Senior photo editor Carol Enquist reflects on editing the difficult Traveler story “Lake Como: A Love Story.”
After a long career as a photo editor at National Geographic Traveler, I’ve become familiar with many destinations on which I’ve never set foot. I’ll see an image and immediately recognize the location, some obvious (Angkor Wat in Cambodia) and some obscure (Nubian pyramids in Sudan). In my memory Lake Como, Italy, conjures up gorgeous, sunny landscapes and beautiful people.
The story proposal we received from writer Lorenzo Carcaterra wasn’t so sunny though. His wife, Susan, was dying of cancer, and they wanted to go on one last trip to Lake Como. Their trip was delayed several times because of Susan’s illness, and within a few months of their return, Susan died.
When I assigned the story to photographer Massimo Bassano, the original plan was for him to travel to Lake Como in early summer, but under the heartbreaking circumstances, the manuscript came in too late to keep that schedule. So Massimo instead traveled to Lake Como in the fall—long after the summer season, with its warm weather, bright skies, and lively crowds, ended. Torrential rains, flooding, and landslides in Italy added to the delay.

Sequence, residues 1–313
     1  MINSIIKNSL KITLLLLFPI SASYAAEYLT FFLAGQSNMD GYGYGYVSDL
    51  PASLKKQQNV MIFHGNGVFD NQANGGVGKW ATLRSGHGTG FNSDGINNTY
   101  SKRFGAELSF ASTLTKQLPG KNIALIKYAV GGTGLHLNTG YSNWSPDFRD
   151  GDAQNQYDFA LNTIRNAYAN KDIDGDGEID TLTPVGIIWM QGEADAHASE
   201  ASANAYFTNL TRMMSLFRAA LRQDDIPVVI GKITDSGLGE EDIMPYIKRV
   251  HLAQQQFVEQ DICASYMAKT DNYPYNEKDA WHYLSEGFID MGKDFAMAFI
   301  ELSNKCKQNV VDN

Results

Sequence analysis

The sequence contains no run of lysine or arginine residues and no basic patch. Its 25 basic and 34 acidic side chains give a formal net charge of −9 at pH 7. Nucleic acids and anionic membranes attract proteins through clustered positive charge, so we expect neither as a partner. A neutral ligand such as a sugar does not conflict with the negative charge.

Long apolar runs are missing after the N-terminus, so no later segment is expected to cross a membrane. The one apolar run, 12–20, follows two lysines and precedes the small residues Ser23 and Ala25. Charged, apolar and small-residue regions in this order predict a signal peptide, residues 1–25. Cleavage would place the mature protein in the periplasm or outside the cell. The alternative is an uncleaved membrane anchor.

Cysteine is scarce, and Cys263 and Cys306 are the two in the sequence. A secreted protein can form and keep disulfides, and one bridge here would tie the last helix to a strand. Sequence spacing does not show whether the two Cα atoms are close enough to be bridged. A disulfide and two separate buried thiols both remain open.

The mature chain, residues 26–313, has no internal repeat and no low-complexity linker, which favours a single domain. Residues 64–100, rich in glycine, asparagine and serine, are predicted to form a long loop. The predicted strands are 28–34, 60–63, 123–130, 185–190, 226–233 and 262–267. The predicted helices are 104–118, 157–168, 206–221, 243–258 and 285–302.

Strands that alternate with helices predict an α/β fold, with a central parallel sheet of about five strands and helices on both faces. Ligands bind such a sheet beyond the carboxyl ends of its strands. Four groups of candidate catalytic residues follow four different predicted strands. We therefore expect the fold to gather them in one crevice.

When I first saw Massimo’s coverage for this story, I was concerned. In many photos the lake looked gray, not sparkling and blue, and the sky was often overcast or rainy. The towns looked almost deserted. I worried that the coverage felt gloomy and quiet. But as I thought about it, I realized that Massimo’s set of images perfectly reflected the tenor of Lorenzo’s story. This wasn’t a carefree, lighthearted travel story, but a poignant, moving love story. We had the perfect set of photos.
Massimo knew that he needed a classic view of Lake Como for the article and realized when he was on Comacina Island (seen in the center of the image above) that the perfect vantage point would be above the village seen in the bottom of the photo. He knew the location he wanted to get to but not how to get there. He told me that while playing cards with (and photographing) some locals, he explained where he wanted to go. They told him to “follow the road to the cemetery and then a trail through the forest” to the highest point. It had been another unsettled day and Massimo knew that there was a risk of rain, but he made the trek, arriving just before sunset, and was rewarded with a quintessential scene of Lake Como.
At Traveler we take great pride in our storytelling and photography. We believe in showcasing authentic travel experiences, even one tinged with sorrow, like this powerful and moving story.